Courses

Science Fiction, Part II

Join award-winning scholar Dr. Amy H. Sturgis as she explores the ways in which the literature of science fiction over time has asked the question: “What if?”

The Dystopian Tradition

This class will consider historical and current “what if?” thought experiments, including classics such as 1984 and bestsellers like The Hunger Games.

Science Fiction, Part I

Join award-winning scholar Dr. Amy H. Sturgis as she explores the ways in which the literature of science fiction over time has asked the question: “What if?”

The Inklings and King Arthur

This course explores how J.R.R. Tolkien, C.S. Lewis, Charles Williams, and other Inklings authors interpreted the Arthurian legends in their work.

The Life and Times of the English Epic

In this course, students will study the evolution of the English Epic over time.

Modern Fantasy II

This course explores fantasy literature written over the past 60 years with an examination of the works of six modern fantasy authors.

Philology Through Tolkien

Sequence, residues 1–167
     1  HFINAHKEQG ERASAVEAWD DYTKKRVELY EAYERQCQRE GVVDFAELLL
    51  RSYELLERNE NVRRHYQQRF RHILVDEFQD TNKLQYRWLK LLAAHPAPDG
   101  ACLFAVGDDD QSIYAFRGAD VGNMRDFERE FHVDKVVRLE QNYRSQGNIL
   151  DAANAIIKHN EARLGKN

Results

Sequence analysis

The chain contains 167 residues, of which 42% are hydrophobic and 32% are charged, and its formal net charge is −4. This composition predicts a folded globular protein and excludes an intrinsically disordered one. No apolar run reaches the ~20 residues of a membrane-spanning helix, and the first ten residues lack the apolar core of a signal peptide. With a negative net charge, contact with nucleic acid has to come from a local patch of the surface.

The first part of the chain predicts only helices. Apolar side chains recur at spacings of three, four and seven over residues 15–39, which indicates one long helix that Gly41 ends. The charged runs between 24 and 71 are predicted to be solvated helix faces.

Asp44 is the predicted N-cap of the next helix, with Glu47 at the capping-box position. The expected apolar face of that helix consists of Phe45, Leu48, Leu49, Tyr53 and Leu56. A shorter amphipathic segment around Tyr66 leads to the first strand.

This course uses the life and works of Tolkien as an introduction to the discipline of comparative philology and to highlight the many links between this field and his creative writings. The course offers an introductory overview of several Germanic languages and their literatures, such as Gothic, Old and Middle English, and Old Norse, and covers select topics in Germanic comparative grammar.

The Inklings and Science Fiction

This course covers the Inklings’ creative and personal encounters with science fiction.

Elementary Latin II

The second semester of Elementary Latin completes the introduction to the basic elements of the Latin language, emphasizing the fundamentals of grammar, vocabulary, and reading comprehension.

C.S. Lewis and Mythologies of Love and Sex

This course explores some of the great mythologies of love that provide a background to today’s culture, sketched out along the twin paths of C.S. Lewis’ The Four Loves and a chronological development of the ideas of love.